Clearing the air about Muslim divorce

The waiting area at the Registries of Civil and Muslim Marriages.
The waiting area at the Registries of Civil and Muslim Marriages.PHOTO: ST FILE

The report on a Malaysian sultan's divorce carries an enduring urban legend with which I had to put up while growing up among many non-Muslim close friends (Sultan's wife declares love for him in video amid divorce reports, July 19).

The article mentions an irrevocable form of divorce in Islam which is done by simply repeating the word "talaq" (divorce) three times. Irrevocable divorce does exist and it is called "talaq ba'in". But it is not so easily acquired.

By Islamic law, whether you utter "talaq" once, thrice or a thousand times, the authority mandated to administer Muslim marriages and divorces must determine whether all relevant conditions and circumstances have been met before a divorce can happen.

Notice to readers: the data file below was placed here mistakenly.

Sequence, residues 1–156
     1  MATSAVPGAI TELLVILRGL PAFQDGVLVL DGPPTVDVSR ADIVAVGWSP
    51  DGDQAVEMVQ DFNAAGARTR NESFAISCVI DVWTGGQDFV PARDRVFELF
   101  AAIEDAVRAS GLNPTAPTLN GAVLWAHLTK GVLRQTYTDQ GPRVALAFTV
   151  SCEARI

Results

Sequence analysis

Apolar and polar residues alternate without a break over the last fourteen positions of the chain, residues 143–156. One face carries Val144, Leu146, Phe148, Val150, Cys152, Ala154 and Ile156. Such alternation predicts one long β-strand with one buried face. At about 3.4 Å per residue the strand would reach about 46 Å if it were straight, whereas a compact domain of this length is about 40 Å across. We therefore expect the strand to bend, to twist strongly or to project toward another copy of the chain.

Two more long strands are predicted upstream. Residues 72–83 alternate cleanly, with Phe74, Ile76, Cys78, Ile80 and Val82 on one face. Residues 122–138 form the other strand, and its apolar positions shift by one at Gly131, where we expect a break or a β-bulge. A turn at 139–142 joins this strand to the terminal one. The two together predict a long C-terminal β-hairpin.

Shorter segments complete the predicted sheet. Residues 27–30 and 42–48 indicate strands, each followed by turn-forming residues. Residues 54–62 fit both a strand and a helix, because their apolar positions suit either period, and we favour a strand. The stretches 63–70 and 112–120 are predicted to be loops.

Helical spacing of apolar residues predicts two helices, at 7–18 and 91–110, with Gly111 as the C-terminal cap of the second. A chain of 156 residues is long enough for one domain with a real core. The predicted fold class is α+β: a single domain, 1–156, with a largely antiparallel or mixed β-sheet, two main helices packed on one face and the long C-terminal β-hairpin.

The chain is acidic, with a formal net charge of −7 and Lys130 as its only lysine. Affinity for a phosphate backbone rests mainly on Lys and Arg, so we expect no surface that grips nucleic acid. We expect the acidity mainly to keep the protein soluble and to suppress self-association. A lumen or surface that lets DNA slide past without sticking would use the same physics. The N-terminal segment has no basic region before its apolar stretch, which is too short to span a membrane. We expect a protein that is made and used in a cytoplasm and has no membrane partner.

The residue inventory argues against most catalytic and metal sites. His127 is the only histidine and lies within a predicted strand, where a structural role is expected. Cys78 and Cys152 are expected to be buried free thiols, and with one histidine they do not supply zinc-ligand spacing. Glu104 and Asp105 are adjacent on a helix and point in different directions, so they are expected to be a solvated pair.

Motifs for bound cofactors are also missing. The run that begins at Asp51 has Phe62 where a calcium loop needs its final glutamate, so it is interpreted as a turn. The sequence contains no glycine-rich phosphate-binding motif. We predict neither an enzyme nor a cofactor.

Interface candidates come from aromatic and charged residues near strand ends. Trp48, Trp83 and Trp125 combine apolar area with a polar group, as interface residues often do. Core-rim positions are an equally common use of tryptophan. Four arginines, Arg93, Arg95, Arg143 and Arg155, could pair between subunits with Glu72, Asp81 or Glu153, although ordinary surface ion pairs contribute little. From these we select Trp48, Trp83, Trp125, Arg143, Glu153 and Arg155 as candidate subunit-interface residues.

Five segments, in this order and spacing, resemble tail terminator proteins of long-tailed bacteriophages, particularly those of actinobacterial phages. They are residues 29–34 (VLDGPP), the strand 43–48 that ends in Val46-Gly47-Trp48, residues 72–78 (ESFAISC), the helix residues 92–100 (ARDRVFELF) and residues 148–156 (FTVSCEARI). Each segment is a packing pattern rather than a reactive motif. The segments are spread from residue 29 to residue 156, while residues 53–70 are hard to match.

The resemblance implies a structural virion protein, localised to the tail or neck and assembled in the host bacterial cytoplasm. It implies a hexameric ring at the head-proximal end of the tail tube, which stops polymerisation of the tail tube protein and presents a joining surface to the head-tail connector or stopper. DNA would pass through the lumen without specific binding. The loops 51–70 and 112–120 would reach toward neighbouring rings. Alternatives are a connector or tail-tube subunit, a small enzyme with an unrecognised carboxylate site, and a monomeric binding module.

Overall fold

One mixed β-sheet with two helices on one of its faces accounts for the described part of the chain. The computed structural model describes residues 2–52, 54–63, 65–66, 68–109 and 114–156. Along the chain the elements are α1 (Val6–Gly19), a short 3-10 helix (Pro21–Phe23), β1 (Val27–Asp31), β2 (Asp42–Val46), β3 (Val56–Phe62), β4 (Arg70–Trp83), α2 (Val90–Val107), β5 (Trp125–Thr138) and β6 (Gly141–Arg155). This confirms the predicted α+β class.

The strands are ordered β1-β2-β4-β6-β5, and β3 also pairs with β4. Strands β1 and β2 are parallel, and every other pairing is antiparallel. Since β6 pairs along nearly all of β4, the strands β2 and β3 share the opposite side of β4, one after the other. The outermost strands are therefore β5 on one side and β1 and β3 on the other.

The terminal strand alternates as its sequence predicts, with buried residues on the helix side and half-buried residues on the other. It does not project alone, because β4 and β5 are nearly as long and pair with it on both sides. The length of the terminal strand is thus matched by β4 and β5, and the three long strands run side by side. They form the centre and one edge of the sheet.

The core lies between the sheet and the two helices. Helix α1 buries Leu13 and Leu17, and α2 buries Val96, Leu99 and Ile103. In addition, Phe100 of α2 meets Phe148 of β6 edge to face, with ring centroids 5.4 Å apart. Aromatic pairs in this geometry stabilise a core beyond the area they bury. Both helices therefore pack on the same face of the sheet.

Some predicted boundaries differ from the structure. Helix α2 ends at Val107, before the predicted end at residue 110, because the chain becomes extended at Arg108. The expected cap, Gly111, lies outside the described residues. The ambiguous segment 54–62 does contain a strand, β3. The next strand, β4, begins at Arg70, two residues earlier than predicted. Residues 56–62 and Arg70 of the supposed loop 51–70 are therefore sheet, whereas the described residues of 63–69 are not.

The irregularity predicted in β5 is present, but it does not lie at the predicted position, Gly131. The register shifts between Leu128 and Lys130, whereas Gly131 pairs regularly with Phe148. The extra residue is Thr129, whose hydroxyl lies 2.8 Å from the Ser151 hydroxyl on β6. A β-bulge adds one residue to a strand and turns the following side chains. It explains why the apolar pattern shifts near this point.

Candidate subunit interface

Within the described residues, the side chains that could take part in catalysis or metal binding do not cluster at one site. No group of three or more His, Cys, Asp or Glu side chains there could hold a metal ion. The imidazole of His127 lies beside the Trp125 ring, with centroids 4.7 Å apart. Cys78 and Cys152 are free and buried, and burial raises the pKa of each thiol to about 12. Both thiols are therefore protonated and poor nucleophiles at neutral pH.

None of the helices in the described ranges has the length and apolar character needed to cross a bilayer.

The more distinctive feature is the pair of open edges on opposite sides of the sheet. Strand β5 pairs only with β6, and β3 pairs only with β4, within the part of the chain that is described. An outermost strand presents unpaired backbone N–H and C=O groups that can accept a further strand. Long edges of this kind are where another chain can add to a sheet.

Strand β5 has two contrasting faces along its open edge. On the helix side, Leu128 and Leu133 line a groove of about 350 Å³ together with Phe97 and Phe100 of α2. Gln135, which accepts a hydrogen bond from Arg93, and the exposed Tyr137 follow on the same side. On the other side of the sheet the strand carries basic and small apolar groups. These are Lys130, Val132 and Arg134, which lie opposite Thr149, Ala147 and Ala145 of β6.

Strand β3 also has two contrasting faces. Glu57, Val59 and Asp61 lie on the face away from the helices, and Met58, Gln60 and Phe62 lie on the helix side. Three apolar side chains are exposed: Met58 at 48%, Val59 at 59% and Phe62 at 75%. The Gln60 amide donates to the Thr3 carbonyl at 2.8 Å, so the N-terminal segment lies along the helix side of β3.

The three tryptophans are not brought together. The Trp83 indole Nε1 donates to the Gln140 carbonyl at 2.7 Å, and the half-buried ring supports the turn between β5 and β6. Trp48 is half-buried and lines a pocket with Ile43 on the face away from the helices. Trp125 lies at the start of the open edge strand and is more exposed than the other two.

If divorce happens for the first time, this first divorce is reconcilable. This means, the former spouses may reconcile through a formal declaration or remarry if a certain period of time has lapsed.

A second divorce too is reconcilable through the same process.

A third divorce will fall under the category of "talaq ba'in" and this is irreconcilable. This means that reconciliation is no longer possible.

Furthermore, the former spouses can remarry each other only after the woman's subsequent marriage to someone else has failed.

In some instances, the authority may allow a couple to effect a "talaq ba'in" on the very first divorce. But this is done after a thorough investigation on the part of the authority.

It is certainly not as simple as a husband's utterance of "talaq, talaq, talaq".

The perpetuation of this misconception is a disservice to the Muslim community's strenuous efforts to educate its members on the solemnity of marriage and the severity of divorce.

Osman Sidek

A version of this article appeared in the print edition of The Straits Times on July 22, 2019, with the headline 'Clearing the air about Muslim divorce'. Print Edition | Subscribe